Nomenclature of the species mostly follows MycoBank (https://www.mycobank.org); systematic position in the hierarchy above genera follows Dictionary of the Fungi system (http://speciesfungorum.org/names/fundic.asp), except Odonticium septocystidiatum. The nomenclature of forest communities follows Matuszkiewicz et al. (2012).

. Results

The study revealed that eight species of fungi identified by us had not been published in articles or monographs for Poland earlier. Besides, we found that one species, Leptosporomyces fuscostratus, required clarification of its status in the Polish biota. The data about these species are given below.

Acanthobasidium norvegicum (J. Erikss. & Ryvarden) Boidin, Lanq., Cand., Gilles & Hugueney (Stereaceae, Russulales)

Syn. Aleurodiscus norvegicus J. Erikss. & Ryvarden

Figures 1A, 2A, 3

Figure 1

Outer view of basidiomata in dry state: (A) Acanthobasidium norvegicum (BLS M-3535); (B) Amylocorticium laceratum (BLS M-4372); (C) Hyphoderma transiens (BLS M-3260); (D) Leptosporomyces fuscostratus (BLS M-4778); Odonticium septocystidiatum – (E) BLS M-0596, (F) BLS M-0626. Scale bars = 5 mm for A–D, F; 1 mm for E.

Figure 2

SEM images. (A) Acanthobasidium norvegicum BLS M-3535, basidiospore on hymenial surface; (BOdonticium septocystidiatum BLS M-0626, incrustations on projecting part of cystidia; (C, D) Steccherinum albidum BLS M-1047, pseudocystidia; (E, FTubulicrinis calothrix BLS M-0498, apices of cystidia. Scale bars = 10 µm.

Figure 3

Acanthobasidium norvegicum BLS M-3535: (A) vertical section through basidioma; (B) subicular hyphae; (C) fragment of hymenium; (D) cystidia; (E) acanthophyses; (F) basidia; (G) basidiospores in KOH; (H) basidiospores in Melzer’s reagent. Scale bars: for A, C–H = 10 µm; for B = 5 µm.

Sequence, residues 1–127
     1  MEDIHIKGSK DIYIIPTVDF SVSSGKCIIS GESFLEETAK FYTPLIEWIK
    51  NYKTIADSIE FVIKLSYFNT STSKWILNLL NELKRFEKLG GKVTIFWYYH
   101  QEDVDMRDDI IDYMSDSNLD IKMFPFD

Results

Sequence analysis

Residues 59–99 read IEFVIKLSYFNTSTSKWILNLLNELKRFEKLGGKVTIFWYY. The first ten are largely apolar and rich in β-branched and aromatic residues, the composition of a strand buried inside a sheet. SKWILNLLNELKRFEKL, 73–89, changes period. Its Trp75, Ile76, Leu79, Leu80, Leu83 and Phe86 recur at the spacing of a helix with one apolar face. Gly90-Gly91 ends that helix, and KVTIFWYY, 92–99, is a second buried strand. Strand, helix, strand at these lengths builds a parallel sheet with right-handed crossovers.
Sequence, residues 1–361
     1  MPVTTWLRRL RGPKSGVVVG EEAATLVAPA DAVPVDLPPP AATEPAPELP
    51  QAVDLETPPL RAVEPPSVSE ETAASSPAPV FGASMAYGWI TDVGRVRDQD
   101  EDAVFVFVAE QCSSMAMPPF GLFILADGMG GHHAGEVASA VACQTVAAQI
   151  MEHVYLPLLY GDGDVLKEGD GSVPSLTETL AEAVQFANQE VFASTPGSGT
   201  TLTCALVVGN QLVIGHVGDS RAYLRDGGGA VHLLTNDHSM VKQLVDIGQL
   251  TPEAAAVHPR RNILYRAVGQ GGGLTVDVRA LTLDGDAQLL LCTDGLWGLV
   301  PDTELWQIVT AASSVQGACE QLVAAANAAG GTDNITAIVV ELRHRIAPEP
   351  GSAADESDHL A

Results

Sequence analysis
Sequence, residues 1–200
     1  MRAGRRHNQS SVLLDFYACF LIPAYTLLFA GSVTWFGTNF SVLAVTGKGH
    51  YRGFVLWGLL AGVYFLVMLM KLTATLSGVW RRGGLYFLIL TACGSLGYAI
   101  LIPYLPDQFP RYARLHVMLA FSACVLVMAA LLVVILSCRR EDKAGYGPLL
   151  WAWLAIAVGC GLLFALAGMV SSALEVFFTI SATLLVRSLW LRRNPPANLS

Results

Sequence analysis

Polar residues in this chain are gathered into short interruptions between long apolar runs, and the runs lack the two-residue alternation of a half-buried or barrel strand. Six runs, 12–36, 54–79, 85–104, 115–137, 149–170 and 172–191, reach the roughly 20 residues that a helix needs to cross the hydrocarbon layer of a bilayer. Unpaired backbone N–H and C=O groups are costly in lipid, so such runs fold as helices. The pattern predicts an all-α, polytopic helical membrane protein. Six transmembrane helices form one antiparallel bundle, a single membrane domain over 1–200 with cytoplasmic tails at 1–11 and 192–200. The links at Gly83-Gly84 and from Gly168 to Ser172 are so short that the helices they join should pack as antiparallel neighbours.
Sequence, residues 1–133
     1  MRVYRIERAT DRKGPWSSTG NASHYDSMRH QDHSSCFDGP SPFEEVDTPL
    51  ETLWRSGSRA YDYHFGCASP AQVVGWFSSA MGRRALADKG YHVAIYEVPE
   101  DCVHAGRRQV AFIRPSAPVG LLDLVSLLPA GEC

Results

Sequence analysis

The species is distinguished by the following main features: poorly developed subiculum (10–25 µm thick); numerous subcylindrical or fusoid cystidia, having pale brownish-yellow granular or resinous contents in water and KOH; the presence of acanthophyses; (1)2-sterigmate basidia; large (9–12 µm long) amyloid basidiospores, covered by warts, easily observable in Melzer’s reagent. Some basidia have scarce, short lateral protuberances in their lower half. Occasional basidia have a transverse secondary septum. The acanthophyses of this fungus resemble basidia in shape. Our specimen exhibited mostly 2 apical protuberances on acanthophyses, whereas in pictures published by other authors (Larsson & Ryvarden, 2021; Martini, 2016), the number of protuberances reached 4–7. Spores of this fungus look almost smooth in KOH.

This species is distributed in Western Europe, from Norway and Sweden to Portugal (Bernicchia & Gorjón, 2010; Eriksson & Ryvarden, 1973). Our locality is the easternmost known for the species.

The usual substrata for this species are dead Calluna stems and twigs (Eriksson & Ryvarden, 1973). The fungus was reported on Rubus in France (Wu et al., 2001).

In molecular phylogeny studies (Tian et al., 2018; Wu et al., 2001), it was proposed to belong Aleurodiscus norvegicus to the derivative genus Acanthobasidium together with A. phragmitis Boidin, Lanq., Cand., Gilles & Hugueney, and A. weirii (Burt) L.D. Dai & S.H. He. The generic name indicates that some basidia in A. norvegicus have lateral protuberances, and supposedly acanthophyses are immature basidia (Eriksson & Ryvarden, 1973; Martini, 2016).

Specimen examined: Białowieża Primeval Forest, near Topiło village, compart. No. 574Ch, Vaccinio uliginosi-Pinetum, on dead corticated twigs of Vaccinium uliginosum, 1–5 mm diam., coll. M. Wołkowycki, 2 XI 2019 (BLS M-3535).

Amylocorticium laceratum (Litsch.) Hjortstam & Ryvarden (Amylocorticiaceae, Amylocorticiales)

Figures 1B, 4

Figure 4

Amylocorticium laceratum BLS M-4372: (A) vertical section through basidioma; (B) subicular hyphae; (C) fragment of hymenium; (D) basidia; (E) basidiospores. Scale bars: for A, C–E = 10 µm; for B = 5 µm.


Syn. Athelopsis lacerata (Litsch.) J. Erikss. & Ryvarden